PaintingsMughal15th Ben...

15th Bengal Native Infantry (Ludhiana Sikhs), 1893

15th Bengal Native Infantry (Ludhiana Sikhs), 1893
Viewed 7,140 times since 2nd Oct, 2008
Availability: Can be backordered
Specifications:
Company School, Water Color on Paper
4.0" X 7.0"
Item Code: MF04
Price: $30.00
Discounted: $24.00Shipping Free
This item can be back ordered
Time required to recreate this artwork: 3 to 4 weeks
Advance to be paid now (% of product value): 20%
Balance to be paid once product is ready: 80%
The amount to be tendered as advance to back order this artwork: $6.00 $4.80
During the Sikh period, the visual art music etc. flourished and it goes without saying that any development of cultural environment postulates peace, prosperity and aesthetic taste of the patron. Paintings of Sikh army officers were popular. This was due to the fact that the Sikh feudals, emotionally flattered by their victories, cherished to be glorified.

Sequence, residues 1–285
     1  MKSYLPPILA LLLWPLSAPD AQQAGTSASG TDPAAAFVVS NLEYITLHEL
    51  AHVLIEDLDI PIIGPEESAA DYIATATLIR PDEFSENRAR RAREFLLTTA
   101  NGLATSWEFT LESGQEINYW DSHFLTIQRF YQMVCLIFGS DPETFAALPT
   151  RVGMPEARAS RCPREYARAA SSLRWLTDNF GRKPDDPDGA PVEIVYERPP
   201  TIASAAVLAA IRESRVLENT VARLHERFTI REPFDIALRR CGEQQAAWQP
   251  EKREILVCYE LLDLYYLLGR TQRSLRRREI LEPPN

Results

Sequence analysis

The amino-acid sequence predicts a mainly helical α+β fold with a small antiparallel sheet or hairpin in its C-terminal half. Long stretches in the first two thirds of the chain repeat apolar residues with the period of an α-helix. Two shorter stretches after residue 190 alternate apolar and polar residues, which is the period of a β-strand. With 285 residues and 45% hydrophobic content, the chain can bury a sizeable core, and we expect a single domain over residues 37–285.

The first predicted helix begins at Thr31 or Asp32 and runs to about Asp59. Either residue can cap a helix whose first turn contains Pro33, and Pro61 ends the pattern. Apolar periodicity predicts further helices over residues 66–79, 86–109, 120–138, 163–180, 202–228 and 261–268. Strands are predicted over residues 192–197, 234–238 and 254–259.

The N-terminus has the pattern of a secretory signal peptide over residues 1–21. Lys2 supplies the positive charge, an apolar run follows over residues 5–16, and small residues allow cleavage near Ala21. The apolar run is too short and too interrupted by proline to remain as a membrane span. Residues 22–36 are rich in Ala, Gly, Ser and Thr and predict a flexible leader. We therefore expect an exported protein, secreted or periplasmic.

This painting shows a cadre of the 15th Bengal Native Infantry. It is a prototype of a Sikh from Ludhiana, with a massive turban, red and yellow striped, as part of the uniform. The moustaches are curled up and the beard is uncut and rolled up next to the jaw line. He wears a red coat with green front and trimmings. A belt tightens at the waist. On the left side of the chest hang the decorations, accorded a place of pride. A red sash seems from there, across his body and towards the back. He wears loose black trousers, tucked in boots. Attached to his uniform are two straps to hold the sheath of the sword that he holds. Lightly held in his left hand is the hilt of the sword, but the artist has made the lower part of the sword sheath look like a baton.

The lines of the portrait are clear cut and the colours used are basic red, green and black. The officer regally stands alone, with no need for a background.

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